U.S. beef went on sale Wednesday for the first time since the lifting of a ban imposed in January over mad cow disease, officials from the stores selling the meat said.
Inspectors Tuesday opened the way for sales of U.S. beef to resume in the lucrative Japanese market by clearing a 5.1-ton shipment imported from U.S. agricultural giant Cargill Inc.
Costco Japan, the Japanese unit of the American retailer, began selling the beef at three of its Tokyo-area stores Wednesday, store officials said on condition of anonymity as they were not authorized to talk to the media.
The start of sales at the company’s two other stores, located in western Japan, has been delayed until after Thursday due to transportation difficulties caused by an approaching typhoon, Kyodo News reported.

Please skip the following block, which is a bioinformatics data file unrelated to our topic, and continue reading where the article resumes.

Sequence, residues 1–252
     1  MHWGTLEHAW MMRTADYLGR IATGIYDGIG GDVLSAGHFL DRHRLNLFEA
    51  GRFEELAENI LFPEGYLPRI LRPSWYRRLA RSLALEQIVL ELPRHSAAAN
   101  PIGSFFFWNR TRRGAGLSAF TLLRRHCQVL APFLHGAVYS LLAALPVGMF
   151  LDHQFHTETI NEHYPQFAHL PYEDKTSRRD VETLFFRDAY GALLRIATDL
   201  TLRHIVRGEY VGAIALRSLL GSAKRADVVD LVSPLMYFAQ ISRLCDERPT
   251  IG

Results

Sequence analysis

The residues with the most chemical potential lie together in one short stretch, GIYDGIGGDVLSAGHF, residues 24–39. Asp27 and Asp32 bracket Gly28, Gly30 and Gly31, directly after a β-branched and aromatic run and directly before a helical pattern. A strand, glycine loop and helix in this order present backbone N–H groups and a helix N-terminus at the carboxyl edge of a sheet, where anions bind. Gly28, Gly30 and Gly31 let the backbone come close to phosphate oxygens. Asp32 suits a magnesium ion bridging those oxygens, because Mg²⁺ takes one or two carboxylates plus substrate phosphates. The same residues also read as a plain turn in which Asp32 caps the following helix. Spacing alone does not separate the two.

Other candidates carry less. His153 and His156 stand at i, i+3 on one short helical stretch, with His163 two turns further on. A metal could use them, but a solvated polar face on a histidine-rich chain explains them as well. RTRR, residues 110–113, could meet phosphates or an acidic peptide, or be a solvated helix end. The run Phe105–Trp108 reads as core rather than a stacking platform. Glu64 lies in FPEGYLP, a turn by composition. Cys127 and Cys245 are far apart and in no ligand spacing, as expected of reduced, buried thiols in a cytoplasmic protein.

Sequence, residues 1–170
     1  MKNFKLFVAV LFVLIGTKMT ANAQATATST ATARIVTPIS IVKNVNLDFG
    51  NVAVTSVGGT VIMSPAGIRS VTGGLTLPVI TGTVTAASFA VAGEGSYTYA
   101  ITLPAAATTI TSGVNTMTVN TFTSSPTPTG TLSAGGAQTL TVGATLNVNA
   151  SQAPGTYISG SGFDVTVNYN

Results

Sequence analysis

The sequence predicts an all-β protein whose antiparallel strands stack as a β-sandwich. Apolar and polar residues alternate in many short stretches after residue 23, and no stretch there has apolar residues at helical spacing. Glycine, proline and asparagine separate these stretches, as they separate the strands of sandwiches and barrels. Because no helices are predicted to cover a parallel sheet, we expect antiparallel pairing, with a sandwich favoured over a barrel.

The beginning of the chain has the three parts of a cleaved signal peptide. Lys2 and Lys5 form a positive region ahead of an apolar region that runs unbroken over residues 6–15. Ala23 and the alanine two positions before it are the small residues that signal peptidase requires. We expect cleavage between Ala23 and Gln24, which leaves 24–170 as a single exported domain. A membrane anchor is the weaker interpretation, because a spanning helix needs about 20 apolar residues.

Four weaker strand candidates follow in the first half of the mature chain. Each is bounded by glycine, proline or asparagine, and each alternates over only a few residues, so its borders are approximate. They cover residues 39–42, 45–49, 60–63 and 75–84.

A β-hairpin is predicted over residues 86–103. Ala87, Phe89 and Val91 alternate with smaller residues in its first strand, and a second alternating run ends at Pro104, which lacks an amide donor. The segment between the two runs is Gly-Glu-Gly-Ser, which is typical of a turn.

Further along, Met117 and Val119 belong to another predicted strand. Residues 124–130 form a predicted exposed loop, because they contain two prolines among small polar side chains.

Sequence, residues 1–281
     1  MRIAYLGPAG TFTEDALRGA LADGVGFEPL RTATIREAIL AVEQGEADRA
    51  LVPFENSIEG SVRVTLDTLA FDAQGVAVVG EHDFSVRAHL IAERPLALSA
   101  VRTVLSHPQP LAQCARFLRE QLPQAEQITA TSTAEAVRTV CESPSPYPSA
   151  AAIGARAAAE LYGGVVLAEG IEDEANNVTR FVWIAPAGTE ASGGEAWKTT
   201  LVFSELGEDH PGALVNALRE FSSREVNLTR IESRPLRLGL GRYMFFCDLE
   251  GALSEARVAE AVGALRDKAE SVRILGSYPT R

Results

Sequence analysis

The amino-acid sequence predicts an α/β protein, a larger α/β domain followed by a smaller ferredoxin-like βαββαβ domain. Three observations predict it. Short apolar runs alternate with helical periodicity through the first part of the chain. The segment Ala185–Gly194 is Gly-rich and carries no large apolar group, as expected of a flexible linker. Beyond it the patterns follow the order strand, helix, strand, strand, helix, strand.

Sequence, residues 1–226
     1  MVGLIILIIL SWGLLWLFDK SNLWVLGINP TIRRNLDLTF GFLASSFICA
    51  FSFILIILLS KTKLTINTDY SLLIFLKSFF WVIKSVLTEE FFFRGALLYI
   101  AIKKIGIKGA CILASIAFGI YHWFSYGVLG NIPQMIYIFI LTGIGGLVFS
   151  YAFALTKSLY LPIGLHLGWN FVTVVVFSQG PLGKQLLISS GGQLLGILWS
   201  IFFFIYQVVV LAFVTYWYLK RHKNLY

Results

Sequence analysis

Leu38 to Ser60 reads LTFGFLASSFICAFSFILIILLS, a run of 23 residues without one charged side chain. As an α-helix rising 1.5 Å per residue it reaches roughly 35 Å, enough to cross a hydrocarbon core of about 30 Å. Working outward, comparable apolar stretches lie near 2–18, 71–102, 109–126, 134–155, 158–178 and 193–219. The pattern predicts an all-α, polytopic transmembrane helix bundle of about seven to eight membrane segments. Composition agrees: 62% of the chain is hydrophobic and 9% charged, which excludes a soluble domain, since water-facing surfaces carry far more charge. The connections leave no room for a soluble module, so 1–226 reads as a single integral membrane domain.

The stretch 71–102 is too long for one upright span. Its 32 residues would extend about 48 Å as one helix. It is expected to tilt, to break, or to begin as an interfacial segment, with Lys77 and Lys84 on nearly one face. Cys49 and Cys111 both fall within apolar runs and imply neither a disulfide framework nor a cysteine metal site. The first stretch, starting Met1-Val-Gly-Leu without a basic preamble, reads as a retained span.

The shipment was the first imported from the U.S. since Tokyo announced on July 27 that it would ease its latest ban on U.S. beef.
All U.S. beef shipped to Japan must come from cattle aged 20 months or younger, and no brain or spinal material can be included because it is considered at risk of carrying mad cow disease.
Japan initially banned imports of American beef in December 2003 after the first case of mad cow disease in the United States. That ban was eased last December but was reimposed after prohibited spinal bones were found in a shipment of veal in January.
Japan was the largest market for U.S. beef before December 2003, importing about $1.4 billion worth a year.
However, concerns over mad cow disease, or bovine spongiform encephalopathy, have severely damaged Japanese faith in the safety of the imports.
Recent public polls have showed that a majority of consumers are planning to stay away from U.S. beef, and major restaurants and supermarkets have said they have no immediate plans to sell it.
Mad cow is a brain degenerative disease in cattle. In humans, eating meat contaminated with BSE is linked to the deadly variant Creutzfeldt-Jakob disease.
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